* It pulled over all of my contacts!!
* It pulled over all of my applications, even those that I did not install via Google Play store (unlike tap&go).
* At least my lock-screen background got set.
* It pulled over all my Wifi networks.
* Photo galleries!


* No application data (Including things like WhatsApp chat history).
* No application settings (Eg, login details for Facebook, Keyboard settings for SwiftKey).
* No Wifi Hotspot settings.
* No search history.
* Still no default applications from previous phone.
* Background images were lost.
* Layout of my application icons were lost.
* Keyboard settings (timing related stuff, heat maps, patterns, custom dictionary) were lost.
* Probably many, many more that I haven’t realized yet.

Fortunately I had the savvy of factory resetting the old phone after I verified that most of my critical stuff is over. Or otherwise I probably would have sold off the Note4 (even at a huge loss, almost to the point of just giving it away) and stuck with the Note2.

Last thoughts

All in all I must admit I’m horrified at the state of migrations on “out of the box” Android. It really and truly is horrible. If someone asks me for a recommendation for a phone at the moment I’ll tell them to get an iPhone or a BlackBerry even, at least you can migrate them from the sounds of it (and I’ve personally spoken with non-technical users on both that have completed the process without assistance). I don’t consider myself a phone expert, but I reckon more technical than the “average” user. If I can’t get it done – how do you expect my granny, or even my mother to complete the process? Or perhaps I’m just being unreasonable that I expect this kind of “just work” magic and everybody else is content to lose just about all of their data/settings every time they get a new phone?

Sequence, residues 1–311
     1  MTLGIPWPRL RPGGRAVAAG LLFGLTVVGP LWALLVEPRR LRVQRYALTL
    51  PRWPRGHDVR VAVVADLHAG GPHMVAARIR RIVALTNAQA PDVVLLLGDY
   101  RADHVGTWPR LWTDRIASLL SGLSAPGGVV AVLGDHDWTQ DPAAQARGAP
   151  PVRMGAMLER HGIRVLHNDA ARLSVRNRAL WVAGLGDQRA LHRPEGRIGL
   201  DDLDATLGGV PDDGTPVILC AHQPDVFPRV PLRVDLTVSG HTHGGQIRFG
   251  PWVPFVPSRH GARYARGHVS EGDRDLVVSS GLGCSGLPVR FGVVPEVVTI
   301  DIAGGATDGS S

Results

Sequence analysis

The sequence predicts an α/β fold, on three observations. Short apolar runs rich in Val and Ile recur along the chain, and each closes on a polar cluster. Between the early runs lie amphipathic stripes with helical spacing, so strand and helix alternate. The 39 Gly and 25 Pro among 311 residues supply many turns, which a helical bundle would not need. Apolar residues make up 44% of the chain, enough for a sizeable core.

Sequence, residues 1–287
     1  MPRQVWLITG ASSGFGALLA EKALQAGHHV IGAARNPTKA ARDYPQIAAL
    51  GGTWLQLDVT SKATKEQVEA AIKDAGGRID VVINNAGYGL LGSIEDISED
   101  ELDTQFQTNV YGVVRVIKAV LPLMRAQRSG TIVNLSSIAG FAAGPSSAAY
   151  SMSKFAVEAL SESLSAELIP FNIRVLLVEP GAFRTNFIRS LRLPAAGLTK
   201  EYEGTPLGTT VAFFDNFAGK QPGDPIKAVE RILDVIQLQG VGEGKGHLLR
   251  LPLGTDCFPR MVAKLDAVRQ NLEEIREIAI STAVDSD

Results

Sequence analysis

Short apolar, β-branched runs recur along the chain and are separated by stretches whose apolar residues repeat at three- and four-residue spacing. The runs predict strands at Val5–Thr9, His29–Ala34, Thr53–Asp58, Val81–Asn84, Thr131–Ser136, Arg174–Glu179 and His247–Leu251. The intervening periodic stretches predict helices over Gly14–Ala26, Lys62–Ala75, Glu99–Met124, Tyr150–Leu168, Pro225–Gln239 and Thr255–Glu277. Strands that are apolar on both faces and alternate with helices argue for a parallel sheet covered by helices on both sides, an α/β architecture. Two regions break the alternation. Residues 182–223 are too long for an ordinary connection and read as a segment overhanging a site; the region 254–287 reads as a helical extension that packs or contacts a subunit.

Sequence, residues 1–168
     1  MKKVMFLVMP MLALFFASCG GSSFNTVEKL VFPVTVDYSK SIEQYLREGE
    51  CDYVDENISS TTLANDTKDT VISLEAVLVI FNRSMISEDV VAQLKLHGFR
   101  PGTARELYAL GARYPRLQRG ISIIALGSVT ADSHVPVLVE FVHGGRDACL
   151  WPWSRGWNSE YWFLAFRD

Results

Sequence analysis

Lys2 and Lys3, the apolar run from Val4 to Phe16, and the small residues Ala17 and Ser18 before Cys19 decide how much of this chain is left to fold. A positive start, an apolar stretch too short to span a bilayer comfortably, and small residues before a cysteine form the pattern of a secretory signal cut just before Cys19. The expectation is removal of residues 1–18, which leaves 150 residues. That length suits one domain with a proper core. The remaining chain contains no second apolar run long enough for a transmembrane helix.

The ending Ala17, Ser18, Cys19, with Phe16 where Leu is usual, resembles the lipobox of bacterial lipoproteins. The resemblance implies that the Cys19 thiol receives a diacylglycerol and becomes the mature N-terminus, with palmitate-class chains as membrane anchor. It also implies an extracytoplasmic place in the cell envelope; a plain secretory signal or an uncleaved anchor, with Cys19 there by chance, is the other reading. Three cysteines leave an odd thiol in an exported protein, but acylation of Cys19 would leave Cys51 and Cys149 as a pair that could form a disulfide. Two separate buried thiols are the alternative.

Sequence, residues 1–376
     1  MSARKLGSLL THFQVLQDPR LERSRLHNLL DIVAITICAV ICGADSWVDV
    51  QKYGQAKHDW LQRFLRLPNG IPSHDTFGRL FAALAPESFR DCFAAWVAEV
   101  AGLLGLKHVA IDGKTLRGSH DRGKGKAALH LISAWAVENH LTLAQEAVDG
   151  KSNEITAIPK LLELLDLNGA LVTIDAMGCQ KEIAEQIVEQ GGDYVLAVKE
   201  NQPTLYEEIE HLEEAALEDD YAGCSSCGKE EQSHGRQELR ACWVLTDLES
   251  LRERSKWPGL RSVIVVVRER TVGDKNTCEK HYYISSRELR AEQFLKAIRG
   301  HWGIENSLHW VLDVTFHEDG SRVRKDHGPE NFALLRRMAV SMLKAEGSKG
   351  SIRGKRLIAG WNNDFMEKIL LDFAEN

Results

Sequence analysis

I’ll tell you this much – if the process isn’t simplified tremendously in the short term I for one will not move to a new phone again any time soon. The only migration will be if my phone gets stolen or otherwise broken beyond repair. The process really should be as simple as:

# Switch on your new phone.